As per legal definition Right of way (“RoW”) is the right to pass over or through real property owned by someone else, usually based upon an easement; also, “right-of-way.” The right of way may specify the parameters of the easement or maybe a general right to pass over or through, known as a floating easement.
The question here arises why is the telecom sector so much agitated and why are so many public and private authorities intrigued to charge for the right of way from the telecom sector?
Looking at it in a broader sense, internet and data communication services are the need of the hour and have now become a necessity just like other utilities. People may forego gas connections or water connections, especially in Karachi and other urban cities but will not compromise on the internet connection and its speed.
Public and private authorities including National Highway, Pakistan Railways, semi-autonomous bodies like Defense Housing Authority, Cantts all across Pakistan, and private housing authorities have understood the dilemma and the requirements of the telecom sector and the consumer and are trying to squeeze maximum income.
The income generated by these Authorities is in form of fees, charges, revenue share, license fees, etc. from the telecom companies however, the sole purpose of these Authorities in generating this income is not the Right of Way charges.
In addition to the above, these public and private authorities do not provide any service against these charges paid to them including any security of optical fiber cable, or a proper ducting system for laying of these cables, thus they only enjoy these charges and probably some may not be accounted for when and if the proper audit of these charges is conducted.
Public authorities including railways and highways considering their current statuses of infrastructure lack the vision of giving the end users the benefits/ facilities that they pay against their services like free WiFi or any such hot spots where the users can avail fast internet speed.
All the Authorities have made RoW their prime revenue-generating vehicle considering the Fiber to the Home (“FTTH”) services and now tower fiberization for 5G services. They believe that since the internet is now a necessity and telecom companies ought to provide these services thus, they would be willing to give whatever they demand.
The Authorities in most cases are of the view that the land where fiber is being laid belongs to them therefore, they have the right to charge whatever exorbitant rates they want despite throwing the country into dark ages if all telecom companies boycott laying the fiber in that area thus no internet services would be provided.
Ministry of Information Technology and Telecommunication 2020 passed a policy directive called the “Public & Private Right of Way Policy Directive” which is as vague as the standard operating procedure of some of these Authorities. Despite rationalizing the rates of the right of way and thinking forward to the next five years or ten years, stakeholders were quite accepting to get things off their shoulders and have a star. Telecom company’s viewpoints were not considered as a whole and the policy was enacted with various loopholes and open-ended clauses which are being interpreted separately by each Authority.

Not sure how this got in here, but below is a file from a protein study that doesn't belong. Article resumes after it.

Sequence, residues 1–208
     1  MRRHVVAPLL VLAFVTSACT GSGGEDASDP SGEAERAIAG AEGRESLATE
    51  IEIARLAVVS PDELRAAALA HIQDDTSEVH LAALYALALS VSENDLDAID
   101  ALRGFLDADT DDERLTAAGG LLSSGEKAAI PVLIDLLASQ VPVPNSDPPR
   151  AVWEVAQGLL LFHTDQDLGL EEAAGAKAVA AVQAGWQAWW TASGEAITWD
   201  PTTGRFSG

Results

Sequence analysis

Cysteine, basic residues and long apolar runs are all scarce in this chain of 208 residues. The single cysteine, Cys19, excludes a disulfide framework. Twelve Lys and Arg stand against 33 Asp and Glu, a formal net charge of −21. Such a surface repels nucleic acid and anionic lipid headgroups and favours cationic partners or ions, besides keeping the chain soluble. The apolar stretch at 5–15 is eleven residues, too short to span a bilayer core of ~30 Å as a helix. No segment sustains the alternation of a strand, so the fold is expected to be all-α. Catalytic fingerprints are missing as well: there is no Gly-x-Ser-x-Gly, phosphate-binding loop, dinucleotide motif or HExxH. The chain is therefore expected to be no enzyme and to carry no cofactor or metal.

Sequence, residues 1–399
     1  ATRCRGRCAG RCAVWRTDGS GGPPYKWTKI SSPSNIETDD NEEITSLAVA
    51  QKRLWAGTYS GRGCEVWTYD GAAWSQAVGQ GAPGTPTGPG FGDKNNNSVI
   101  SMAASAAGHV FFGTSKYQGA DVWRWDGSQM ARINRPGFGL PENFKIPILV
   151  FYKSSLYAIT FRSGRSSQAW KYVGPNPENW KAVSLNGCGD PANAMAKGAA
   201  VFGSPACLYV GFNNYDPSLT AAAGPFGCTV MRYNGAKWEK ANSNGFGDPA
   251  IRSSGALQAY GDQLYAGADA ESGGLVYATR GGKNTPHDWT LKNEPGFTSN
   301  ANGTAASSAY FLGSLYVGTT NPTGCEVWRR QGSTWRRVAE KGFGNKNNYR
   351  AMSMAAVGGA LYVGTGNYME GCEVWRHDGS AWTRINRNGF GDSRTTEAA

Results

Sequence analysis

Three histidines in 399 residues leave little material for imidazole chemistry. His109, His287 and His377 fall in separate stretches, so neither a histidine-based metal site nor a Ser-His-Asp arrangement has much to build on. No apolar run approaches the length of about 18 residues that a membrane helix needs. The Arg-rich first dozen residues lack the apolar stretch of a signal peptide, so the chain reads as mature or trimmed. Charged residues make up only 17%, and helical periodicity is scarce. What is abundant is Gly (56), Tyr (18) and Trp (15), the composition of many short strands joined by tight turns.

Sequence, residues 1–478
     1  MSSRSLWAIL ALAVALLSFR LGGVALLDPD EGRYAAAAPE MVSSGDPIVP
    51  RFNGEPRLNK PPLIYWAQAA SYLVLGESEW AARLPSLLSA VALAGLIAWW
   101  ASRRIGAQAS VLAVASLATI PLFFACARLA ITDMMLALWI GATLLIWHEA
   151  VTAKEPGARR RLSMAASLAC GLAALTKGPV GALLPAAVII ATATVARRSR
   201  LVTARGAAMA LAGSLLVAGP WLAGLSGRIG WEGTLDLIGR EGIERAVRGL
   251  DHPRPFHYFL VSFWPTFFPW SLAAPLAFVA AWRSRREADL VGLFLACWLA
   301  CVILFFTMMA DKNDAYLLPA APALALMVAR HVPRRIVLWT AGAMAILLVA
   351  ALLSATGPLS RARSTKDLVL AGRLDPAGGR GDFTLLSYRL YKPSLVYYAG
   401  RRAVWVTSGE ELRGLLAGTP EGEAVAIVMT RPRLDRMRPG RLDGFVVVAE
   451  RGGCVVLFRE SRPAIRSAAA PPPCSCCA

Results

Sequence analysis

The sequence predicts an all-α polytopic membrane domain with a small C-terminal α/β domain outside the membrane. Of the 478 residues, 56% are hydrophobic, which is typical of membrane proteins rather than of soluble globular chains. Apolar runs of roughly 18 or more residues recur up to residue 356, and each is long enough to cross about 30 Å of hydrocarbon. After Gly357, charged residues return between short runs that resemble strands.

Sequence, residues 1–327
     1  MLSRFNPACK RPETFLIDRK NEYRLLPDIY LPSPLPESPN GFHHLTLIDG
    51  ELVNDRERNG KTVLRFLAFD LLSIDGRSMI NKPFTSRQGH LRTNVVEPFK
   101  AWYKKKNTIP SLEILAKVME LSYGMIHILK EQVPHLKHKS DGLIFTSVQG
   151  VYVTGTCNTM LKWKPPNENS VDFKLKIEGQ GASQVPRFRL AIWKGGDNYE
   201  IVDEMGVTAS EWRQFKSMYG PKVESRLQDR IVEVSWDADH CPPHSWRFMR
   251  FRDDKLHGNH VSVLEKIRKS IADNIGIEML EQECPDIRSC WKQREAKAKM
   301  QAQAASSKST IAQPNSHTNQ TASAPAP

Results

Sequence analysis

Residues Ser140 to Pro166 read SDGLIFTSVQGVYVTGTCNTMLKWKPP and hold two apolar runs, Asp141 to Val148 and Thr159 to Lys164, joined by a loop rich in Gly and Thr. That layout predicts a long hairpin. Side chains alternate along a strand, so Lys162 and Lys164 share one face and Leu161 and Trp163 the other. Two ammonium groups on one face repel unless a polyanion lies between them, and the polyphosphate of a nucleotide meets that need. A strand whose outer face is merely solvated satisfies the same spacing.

On the one hand, any government in power talks about digitization and technology-based companies to prosper in Pakistan and give a comparison with developed countries however on other hand, the government is not interested at all in resolving these issues which are basically the major costs of telecom companies and are not brought forward on any forums.
The objective to streamline Right of Way was to have a level playing field for all the telecom companies and have healthy competition in the provisioning of service and adding value to it. However, telecom companies are now in the race to obtain the right of way and those having more capital with them are able to get the Authorities on their side thus getting the advantage over others.
The regulator, the Ministry related, and those having authority are quietly enjoying the telecom sector being held hostage by these authorities on the right of way. No long-term plan with rationalization is being considered and all are at the helm of each other expecting one or the other to act.
Despite many telecom companies having approached the respective provincial governments to nominate any senior officer of the law not below the rank of secretary to act on their behalf, many have knocked on the doors of the Courts on an individual basis and have sought relief.
Still, the time is now to get Right of Way sorted out at least for ten or fifteen years removing the uncertainty of the incremental overpriced right of way charges and looking forward to having a uniform rate all across Pakistan and letting the telecom sector grow. If these issues are not addressed soon the end users/ businesses must be ready to face an increase in per-month rates again due to RoW.
The question still remains as to who would bell the cat and get stakeholders on board.